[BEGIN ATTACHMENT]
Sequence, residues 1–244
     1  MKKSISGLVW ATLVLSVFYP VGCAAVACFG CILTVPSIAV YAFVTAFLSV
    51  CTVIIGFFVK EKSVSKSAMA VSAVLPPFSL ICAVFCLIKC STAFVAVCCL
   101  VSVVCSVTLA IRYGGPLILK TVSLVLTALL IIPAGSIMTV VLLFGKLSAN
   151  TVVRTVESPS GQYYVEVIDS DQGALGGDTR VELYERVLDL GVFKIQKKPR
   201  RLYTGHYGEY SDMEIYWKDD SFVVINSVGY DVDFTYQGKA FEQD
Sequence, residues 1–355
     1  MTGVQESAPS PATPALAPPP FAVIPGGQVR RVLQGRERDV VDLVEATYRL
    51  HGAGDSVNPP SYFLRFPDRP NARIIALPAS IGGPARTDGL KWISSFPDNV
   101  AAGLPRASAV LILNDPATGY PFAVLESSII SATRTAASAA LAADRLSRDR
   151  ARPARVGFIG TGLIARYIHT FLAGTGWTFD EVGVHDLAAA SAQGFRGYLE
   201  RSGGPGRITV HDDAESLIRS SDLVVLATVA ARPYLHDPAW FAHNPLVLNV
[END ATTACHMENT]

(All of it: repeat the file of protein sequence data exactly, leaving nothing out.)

Sequence, residues 1–244
     1  MKKSISGLVW ATLVLSVFYP VGCAAVACFG CILTVPSIAV YAFVTAFLSV
    51  CTVIIGFFVK EKSVSKSAMA VSAVLPPFSL ICAVFCLIKC STAFVAVCCL
   101  VSVVCSVTLA IRYGGPLILK TVSLVLTALL IIPAGSIMTV VLLFGKLSAN
   151  TVVRTVESPS GQYYVEVIDS DQGALGGDTR VELYERVLDL GVFKIQKKPR
   201  RLYTGHYGEY SDMEIYWKDD SFVVINSVGY DVDFTYQGKA FEQD
Sequence, residues 1–355
     1  MTGVQESAPS PATPALAPPP FAVIPGGQVR RVLQGRERDV VDLVEATYRL
    51  HGAGDSVNPP SYFLRFPDRP NARIIALPAS IGGPARTDGL KWISSFPDNV
   101  AAGLPRASAV LILNDPATGY PFAVLESSII SATRTAASAA LAADRLSRDR
   151  ARPARVGFIG TGLIARYIHT FLAGTGWTFD EVGVHDLAAA SAQGFRGYLE
   201  RSGGPGRITV HDDAESLIRS SDLVVLATVA ARPYLHDPAW FAHNPLVLNV